As we reported in GMS Flash Alert 2022-172, then-Chancellor of the Exchequer, Kwasi Kwarteng, announced a Growth Plan to the U.K. Parliament on 23 September.1, 2

Following significant push-back from across the political spectrum, on 3 October 2022, the Chancellor announced that the proposed abolition of the 45% top rate would not go ahead (see our report in GMS Flash Alert 2022-177).3

Due to further market unrest, the new Chancellor, Jeremy Hunt, has announced that all the tax measures announced in the Growth Plan that have not been legislated for in Parliament will not be going ahead.4


The personal income tax rates are of great interest to employers, as these impact the cost of assignments, payroll withholding, and hypothetical tax deductions.

Employers may well be concerned about the level of uncertainty regarding current and future changes to the U.K. tax system – this is the second reversal of an announced tax rate change within as many weeks.

What Will Change, What Will Not

The previous Chancellor announced in the Growth Plan that the basic rate of income tax would be reduced from 20% to 19% from 6 April 2023.  This proposed measure has been dropped, and the basic rate of tax will remain at 20% indefinitely.

The National Insurance reduction and the repeal of the Health and Social Care Levy will still be going ahead, as the legislation for this has already started its passage through Parliament.

The tax rates for Scottish and Welsh taxpayers will be set by the Scottish Parliament and Welsh Senedd respectively later in 2022.

The updated income tax rates for the 2023/24 U.K. tax year following the latest announcement are shown in the table below:


2023/24 tax year




Personal Allowance



Basic rate


£0 - £37,700

Higher rate


£37,701 - £150,000

Additional rate


Over £150,000

Source: KPMG LLP (U.K.)

The previous Chancellor had announced that the dividend tax rate would reduce by 1.25% with effect from 6 April 2023.  This reduction will now not go ahead, with the dividends remaining at the same rate as for the 2022/23 tax year.  The updated dividend tax rate for the 2023/24 tax year is shown in the table below.


2023/24 tax year

Basic rate


Higher rate


Additional rate


Source: KPMG LLP (U.K.)

Other Measures

The 2017 and 2021 reforms to the off-payroll working rules (also known as IR35) will not be repealed.  Therefore, the obligation to determine the employment status of a worker providing services via an intermediary will continue to apply to the end user of the services (where that entity is a large- or medium-sized business, or a public sector body).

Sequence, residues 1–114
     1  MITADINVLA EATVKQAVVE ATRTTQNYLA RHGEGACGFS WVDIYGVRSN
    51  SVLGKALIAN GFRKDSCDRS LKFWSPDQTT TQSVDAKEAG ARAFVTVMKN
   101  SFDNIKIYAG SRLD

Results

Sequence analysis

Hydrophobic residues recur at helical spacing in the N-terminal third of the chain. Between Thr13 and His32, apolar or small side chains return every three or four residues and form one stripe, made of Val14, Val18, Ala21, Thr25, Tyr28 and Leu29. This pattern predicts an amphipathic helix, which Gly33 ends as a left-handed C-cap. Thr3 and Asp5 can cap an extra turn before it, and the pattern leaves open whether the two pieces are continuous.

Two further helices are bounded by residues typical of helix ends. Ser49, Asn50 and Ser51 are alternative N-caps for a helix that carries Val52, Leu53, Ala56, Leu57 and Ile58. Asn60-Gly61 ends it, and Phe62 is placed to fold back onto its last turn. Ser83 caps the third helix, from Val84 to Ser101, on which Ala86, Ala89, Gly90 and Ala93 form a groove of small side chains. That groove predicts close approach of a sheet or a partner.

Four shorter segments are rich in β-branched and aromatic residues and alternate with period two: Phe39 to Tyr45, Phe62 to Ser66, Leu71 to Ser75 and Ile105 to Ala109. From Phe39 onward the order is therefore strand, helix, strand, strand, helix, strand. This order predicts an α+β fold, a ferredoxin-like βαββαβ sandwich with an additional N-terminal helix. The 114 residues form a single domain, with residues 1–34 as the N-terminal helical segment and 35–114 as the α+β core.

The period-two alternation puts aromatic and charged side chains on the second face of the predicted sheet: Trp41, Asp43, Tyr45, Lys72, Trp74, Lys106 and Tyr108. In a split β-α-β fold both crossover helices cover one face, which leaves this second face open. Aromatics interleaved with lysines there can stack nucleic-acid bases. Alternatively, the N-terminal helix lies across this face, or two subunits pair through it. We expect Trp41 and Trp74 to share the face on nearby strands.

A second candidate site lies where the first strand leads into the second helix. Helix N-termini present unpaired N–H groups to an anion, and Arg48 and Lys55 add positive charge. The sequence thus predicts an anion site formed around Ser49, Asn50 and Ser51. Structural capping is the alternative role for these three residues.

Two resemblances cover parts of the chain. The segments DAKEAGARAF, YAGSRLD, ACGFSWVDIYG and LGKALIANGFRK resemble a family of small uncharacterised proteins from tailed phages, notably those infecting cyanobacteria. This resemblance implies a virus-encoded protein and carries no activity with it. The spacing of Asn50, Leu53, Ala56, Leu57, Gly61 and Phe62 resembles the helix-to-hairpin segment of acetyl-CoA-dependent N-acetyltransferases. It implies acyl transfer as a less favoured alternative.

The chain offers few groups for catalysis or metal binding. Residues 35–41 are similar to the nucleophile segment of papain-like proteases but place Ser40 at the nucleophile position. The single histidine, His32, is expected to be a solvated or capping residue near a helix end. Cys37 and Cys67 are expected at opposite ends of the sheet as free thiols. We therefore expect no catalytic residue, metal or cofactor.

The Chancellor confirmed in the House of Commons regarding the intent to proceed with the abolition of the cap on banker’s bonuses.

Next Steps

Mr. Hunt, the Chancellor, will announce further measures at the Medium-Term Fiscal Plan, expected on 31 October 2022.


It is essential to get in front of the changes described in this newsletter and to communicate quickly and clearly with key stakeholders, so that they can properly plan, budget, and make necessary adjustments.

KPMG LLP (U.K.) will endeavour to continue to keep readers informed of any further developments that concern individuals, including those on international assignments, and their multinational employers.


1  For the U.K.’s "Growth Plan 2022," see:

2  For coverage by KPMG LLP (U.K.) of the Autumn 2022 Growth Plan, see GMS Flash Alert 2022-172 (27 September 2022).

3  For coverage by KPMG LLP (U.K.) of the cancellation of the abolition of the 45% tax rate, see GMS Flash Alert 2022-177 (4 October 2022).

4  For the announcement of the measures announced by the Chancellor of the Exchequer on 17 October 2022, see: .

The information contained in this newsletter was submitted by the KPMG International member firm in the United Kingdom.


Connect with us

Stay up to date with what matters to you

Gain access to personalized content based on your interests by signing up today


GMS Flash Alert is a Global Mobility Services publication of the KPMG LLP Washington National Tax practice. The KPMG name and logo are trademarks used under license by the independent member firms of the KPMG global organization. KPMG International Limited is a private English company limited by guarantee and does not provide services to clients. No member firm has any authority to obligate or bind KPMG International or any other member firm vis-à-vis third parties, nor does KPMG International have any such authority to obligate or bind any member firm. The information contained herein is of a general nature and is not intended to address the circumstances of any particular individual or entity. Although we endeavor to provide accurate and timely information, there can be no guarantee that such information is accurate as of the date it is received or that it will continue to be accurate in the future. No one should act on such information without appropriate professional advice after a thorough examination of the particular situation.

© 2024 KPMG LLP a UK limited liability partnership and a member firm of the KPMG global organisation of independent member firms affiliated with KPMG International Limited, a private English company limited by guarantee. All rights reserved.

For more detail about the structure of the KPMG global organisation please visit